Student plagiarism is nothing new these days. With conventional school still grading students based on the outdated assessment standards, learners concentrate their attention solely on the formal side of obtaining credits and the degree. Multiply it by the open accessibility of materials over the Internet and get the growing level of plagiarism in student works.Read More
A recent survey conducted by the Josephson Institute Center for Youth Ethics, reports that half of the learners are cheating regularly, while others are not aware they plagiarize at all.
Dealing with cheating from the disciplinary perspective is a practice that in many educational institutions has been supported by plagiarism detection software, ever since they first appeared.
The algorithm of such software allowed searching for the matching textual pieces of information, comparing the material to the web resources, open access libraries or private repositories.
While educational communities across the world laid the high hopes on such software like Turnitin, it appeared that many schools and districts couldn’t afford it, the others started to look for more agile checker that would offer the quicker and smarter service.
Can such technology as Unicheck become a robust alternative to Turnitin? Let’s have a look if teachers can trust Unicheck and if migration to it is worthwhile trying?
Why did we decide to write an article about plagiarism checker used by Universities? Because it is still an acute problem, and it will always remain so. Remember the wisdom of Dumbledore? it says – “The right way is not always the easy way”, and it is the perfect tip for the students who plagiarize trying to improve their way of writing. In fact, high school students often face the problem with academic integrity violation. According to the statistics, more than half of students plagiarize during the academic year.
Cheaters and plagiarists have always existed no matter where exactly they study. Universities usually conduct annual surveys aimed at discovering how many students plagiarized at least once, how often and in what manner they did it, what sources they used to take information from, and other details. These surveys help university administration understand how complex a plagiarism issue is and take appropriate measures. Unfortunately, not all universities care about this problem. Some of them still pay little attention to the problem and just neglect checking plagiarism online. As a result, education quality doesn’t get improved.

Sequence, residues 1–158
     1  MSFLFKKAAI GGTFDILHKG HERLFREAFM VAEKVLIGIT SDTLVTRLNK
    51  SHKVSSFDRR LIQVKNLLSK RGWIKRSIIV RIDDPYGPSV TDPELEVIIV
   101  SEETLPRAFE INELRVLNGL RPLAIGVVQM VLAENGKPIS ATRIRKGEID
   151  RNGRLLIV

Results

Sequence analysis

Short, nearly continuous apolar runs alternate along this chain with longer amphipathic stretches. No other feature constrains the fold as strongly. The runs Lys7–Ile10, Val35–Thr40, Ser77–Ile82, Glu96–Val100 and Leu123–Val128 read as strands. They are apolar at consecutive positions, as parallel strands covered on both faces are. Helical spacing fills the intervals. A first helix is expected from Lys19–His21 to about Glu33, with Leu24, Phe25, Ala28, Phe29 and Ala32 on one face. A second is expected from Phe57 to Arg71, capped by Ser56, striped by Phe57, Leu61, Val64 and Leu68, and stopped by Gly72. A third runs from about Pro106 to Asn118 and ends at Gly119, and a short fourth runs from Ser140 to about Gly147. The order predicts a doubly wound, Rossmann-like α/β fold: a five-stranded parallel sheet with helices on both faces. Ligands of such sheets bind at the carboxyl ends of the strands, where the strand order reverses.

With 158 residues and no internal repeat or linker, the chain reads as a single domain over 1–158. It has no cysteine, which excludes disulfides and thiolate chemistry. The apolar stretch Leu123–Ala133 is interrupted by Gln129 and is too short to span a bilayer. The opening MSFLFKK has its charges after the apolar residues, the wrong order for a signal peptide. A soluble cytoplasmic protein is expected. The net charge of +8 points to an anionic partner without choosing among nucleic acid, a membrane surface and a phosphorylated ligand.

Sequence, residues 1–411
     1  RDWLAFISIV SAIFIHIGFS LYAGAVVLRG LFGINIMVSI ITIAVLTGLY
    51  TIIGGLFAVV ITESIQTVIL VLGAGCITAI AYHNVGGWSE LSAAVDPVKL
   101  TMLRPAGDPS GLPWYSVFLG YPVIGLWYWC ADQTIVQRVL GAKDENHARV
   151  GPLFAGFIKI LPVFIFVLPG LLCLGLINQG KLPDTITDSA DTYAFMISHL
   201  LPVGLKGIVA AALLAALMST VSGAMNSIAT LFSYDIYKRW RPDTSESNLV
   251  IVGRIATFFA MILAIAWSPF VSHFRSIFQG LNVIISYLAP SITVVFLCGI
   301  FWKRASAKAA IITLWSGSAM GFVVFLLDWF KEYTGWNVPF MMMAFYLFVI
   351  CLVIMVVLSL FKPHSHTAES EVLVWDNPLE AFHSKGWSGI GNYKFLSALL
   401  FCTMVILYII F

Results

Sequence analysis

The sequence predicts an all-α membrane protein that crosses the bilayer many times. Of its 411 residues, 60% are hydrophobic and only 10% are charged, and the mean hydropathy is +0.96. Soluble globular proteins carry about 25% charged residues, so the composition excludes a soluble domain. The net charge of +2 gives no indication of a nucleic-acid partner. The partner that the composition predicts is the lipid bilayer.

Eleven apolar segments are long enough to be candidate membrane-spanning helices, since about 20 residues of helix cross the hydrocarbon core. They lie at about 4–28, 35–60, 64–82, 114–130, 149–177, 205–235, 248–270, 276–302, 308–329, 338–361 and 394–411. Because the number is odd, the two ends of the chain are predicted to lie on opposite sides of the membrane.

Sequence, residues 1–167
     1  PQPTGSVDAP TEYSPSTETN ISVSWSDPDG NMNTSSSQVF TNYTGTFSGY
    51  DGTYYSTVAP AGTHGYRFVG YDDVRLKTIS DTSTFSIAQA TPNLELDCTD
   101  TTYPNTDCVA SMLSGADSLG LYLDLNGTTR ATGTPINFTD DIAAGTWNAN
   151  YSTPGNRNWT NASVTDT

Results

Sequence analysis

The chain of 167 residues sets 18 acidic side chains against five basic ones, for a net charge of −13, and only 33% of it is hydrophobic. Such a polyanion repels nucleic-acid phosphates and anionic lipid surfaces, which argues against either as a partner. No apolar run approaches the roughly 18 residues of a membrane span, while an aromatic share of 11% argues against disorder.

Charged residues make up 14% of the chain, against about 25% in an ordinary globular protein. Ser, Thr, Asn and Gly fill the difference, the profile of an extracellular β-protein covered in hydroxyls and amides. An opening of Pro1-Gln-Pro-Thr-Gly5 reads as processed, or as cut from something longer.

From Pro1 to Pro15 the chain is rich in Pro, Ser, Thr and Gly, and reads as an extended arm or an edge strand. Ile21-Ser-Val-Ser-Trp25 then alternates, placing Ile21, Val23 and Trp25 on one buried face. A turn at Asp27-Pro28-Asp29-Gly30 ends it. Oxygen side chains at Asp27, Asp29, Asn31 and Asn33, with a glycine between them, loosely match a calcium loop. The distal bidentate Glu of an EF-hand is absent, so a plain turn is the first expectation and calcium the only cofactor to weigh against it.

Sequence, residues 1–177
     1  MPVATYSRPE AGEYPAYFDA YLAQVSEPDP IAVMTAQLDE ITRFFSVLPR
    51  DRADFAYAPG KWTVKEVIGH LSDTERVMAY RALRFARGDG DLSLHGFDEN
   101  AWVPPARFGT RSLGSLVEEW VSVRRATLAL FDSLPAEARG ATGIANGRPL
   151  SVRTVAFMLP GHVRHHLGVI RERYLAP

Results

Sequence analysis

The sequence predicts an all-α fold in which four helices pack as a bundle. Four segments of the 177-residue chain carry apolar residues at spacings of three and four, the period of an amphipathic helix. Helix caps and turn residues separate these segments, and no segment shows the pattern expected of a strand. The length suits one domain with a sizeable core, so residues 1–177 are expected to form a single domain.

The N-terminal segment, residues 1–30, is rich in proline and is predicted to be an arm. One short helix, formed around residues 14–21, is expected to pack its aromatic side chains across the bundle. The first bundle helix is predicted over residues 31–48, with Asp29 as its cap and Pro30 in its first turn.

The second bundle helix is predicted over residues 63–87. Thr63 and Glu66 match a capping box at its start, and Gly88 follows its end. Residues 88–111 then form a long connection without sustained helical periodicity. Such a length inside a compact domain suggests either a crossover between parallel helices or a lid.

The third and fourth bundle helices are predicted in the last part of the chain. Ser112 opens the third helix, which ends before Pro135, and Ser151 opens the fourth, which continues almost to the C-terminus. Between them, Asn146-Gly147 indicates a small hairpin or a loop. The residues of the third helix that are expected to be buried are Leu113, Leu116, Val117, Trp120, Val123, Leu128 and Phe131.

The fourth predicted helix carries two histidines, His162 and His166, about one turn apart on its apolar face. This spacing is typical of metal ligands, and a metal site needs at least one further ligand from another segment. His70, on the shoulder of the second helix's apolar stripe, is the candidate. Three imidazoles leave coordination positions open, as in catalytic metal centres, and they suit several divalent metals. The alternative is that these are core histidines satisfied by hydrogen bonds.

Nowadays, the problem of academic dishonesty has become a critical issue and receives more and more attention from teachers and professors. Cheating among students has risen dramatically, forcing experts in the academic environment to look at new ways to detect and fight fraud.
We are all human, and even though most of us assume that plagiarism is a fraud and no one should ever plagiarise, we will subconsciously keep on doing it over and over again. True plagiarism occurs when one person deliberately takes the work of another person and declares to be the true creator of it.
Julie’s idea was to explore the novel The Scarlet Letter with the assumption that Hester’s daughter, Pearl, knew exactly why her mother had to wear the scarlet letter. As Julie wrote her paper, she stumbled upon the same core idea in an authoritative source, used it for her paper but has not mentioned it in the references. Is it plagiarism or not?
On Saturday, September 26, 2015 German defense minister Ursula von der Leyen was accused by the VroniPlag Wiki website of plagiarizing over 75% of her 1990 dissertation on “the diagnosis of infections in pregnant women,” shocking many in the scientific community. However, delving deeper into the incidents of plagiarism on a global scale reveals that similar acts of fraud aren’t uncommon. In fact, with the rise in popularity of more sophisticated anti plagiarism software, the incidents of retractions due to scientific plagiarism have increased significantly since 2009 in publications like BioMed Central journals (Grens).